Niger’s citizens march for justice and a fair deal

Source: PWYP International
Date: 28 Mar 2022

For immediate release

This Saturday, 50 associations, civil society organisations and groups – including ROTAB, the Publish What You Pay coalition in Niger – will march in Niamey to call for Niger to get a fair deal for its resources.  More specifically, demonstrators are calling for AREVA and the Niger government to respect the country’s 2006 mining code in the new uranium contracts being negotiated by the two parties.

Niger’s citizens have been mobilising for months over these contract negotiations. There were marches in January and February, and a couple of weeks ago thousands of students mobilised to denounce the opacity that surrounds the negotiation process. Even Niger’s artists have been getting involved, as reggae singer Black Mailer took to the stage at the protest in February and in his song   condemned unfair contracts and the unjust exploitation of minerals by multinationals in poor countries.

“Until the mining code of 2006 is respected by AREVA and the government, we will be in the streets calling for fiscal justice. Uranium belongs to the people and the people’s law must apply”, said Ali Idrissa, National Coordinator for PWYP Niger, “We are simply asking that AREVA respects our laws.”

The negotiations between AREVA and Niger over uranium exploitation contracts have been dragging on for months, as AREVA refuses to budge on its position and insists that the 2006 mining code – which reduces exemptions and increases taxes – should not apply to its operations. The government, for its part, is seeking to redress a 50 year-old imbalance and has been negotiating for a fairer deal for its resources.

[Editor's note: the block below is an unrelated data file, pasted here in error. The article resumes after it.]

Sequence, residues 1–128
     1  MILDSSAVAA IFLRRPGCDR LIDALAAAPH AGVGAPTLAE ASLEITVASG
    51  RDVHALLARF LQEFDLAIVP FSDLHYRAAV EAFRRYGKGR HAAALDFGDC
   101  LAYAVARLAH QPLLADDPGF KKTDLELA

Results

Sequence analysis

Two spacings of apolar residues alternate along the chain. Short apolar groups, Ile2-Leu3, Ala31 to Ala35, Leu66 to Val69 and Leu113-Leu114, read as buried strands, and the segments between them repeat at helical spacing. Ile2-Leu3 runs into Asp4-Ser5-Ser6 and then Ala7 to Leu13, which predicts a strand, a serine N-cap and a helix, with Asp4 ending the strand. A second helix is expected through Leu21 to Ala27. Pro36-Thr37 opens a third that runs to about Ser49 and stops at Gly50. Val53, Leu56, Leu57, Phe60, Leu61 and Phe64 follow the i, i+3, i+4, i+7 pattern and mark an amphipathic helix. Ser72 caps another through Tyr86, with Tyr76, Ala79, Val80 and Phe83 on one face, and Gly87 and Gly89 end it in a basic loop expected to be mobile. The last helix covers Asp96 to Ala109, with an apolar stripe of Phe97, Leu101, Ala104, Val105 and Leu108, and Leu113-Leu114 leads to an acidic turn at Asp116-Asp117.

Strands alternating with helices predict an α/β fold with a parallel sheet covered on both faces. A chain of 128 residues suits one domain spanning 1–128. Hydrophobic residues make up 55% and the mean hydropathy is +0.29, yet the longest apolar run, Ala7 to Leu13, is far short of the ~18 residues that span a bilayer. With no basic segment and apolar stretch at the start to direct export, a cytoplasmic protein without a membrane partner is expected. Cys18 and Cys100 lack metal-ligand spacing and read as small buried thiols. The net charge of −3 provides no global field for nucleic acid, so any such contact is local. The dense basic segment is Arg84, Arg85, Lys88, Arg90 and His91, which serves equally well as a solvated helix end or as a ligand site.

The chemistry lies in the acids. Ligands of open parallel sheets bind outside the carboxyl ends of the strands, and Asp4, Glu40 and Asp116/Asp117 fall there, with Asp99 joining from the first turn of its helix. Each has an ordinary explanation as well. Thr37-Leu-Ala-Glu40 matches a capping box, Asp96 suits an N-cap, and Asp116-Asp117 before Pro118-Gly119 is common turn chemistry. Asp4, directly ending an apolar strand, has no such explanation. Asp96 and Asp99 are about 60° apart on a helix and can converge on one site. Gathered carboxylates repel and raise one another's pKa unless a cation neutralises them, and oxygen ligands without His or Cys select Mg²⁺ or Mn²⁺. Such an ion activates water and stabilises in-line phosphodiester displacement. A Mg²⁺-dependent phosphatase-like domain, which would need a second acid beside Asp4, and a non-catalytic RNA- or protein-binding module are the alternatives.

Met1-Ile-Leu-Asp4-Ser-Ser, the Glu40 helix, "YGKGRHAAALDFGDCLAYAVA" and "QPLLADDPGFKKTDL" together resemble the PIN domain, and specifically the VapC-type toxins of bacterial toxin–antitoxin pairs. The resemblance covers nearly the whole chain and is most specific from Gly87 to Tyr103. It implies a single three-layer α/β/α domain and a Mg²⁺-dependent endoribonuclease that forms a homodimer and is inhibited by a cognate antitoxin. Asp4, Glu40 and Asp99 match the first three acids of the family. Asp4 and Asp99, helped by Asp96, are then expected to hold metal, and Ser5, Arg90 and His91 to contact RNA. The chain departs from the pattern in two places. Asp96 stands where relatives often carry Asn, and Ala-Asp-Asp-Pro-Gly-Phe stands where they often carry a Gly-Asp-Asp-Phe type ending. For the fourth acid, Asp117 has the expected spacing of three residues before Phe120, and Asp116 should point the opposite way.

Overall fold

“These negotiations are an opportunity for Niger to finally get a fair deal for its resources. AREVA must not deny Niger this chance and needs to respect the country’s laws” said Marinke van Riet, International Director for Publish What You Pay.  

Rumours are circulating that the contracts are about to be signed, but whether the mining code has been upheld is still a mystery. “Our fear is that AREVA is negotiating a range of exemptions to the 2006 mining code, so that the company can claim to publicly accept the code but in reality not pay its fair share in taxes”, said Anne-Sophie Simpere, coordinator for PWYP France and Advocacy Officer for Oxfam France.

If we take VAT tax exemptions alone, the Niger government is losing out on 10 – 15 million euros a year, according to figures from Oxfam France.

“Resource-rich countries are constantly told to put their affairs in order and improve their natural resource governance. Niger’s 2010 constitution has specific provisions for contract transparency and ensuring that revenues go to the benefit of all citizens. But how can these reforms help when extractive companies feel they have the right to simply ignore our laws and our mining codes?” said Mr. Idrissa.

Media contacts

In London – Alice Powell, (English/French), Communications Coordinator of Publish What You Pay; Tel + 44 7789 281 549, Email: [email protected]

In Niamey - Ali Idrissa (Francophone), National Coordinator of PWYP Niger/ROTAB ; 

Tel + 227 90 50 70 32; Email: [email protected]

 

Notes

Publish What You Pay is a global coalition made up of more than 800 civil society organisations, united in their call for an open and accountable extractive sector so that citizens can benefit from their natural resources.

www.publishwhatyoupay.org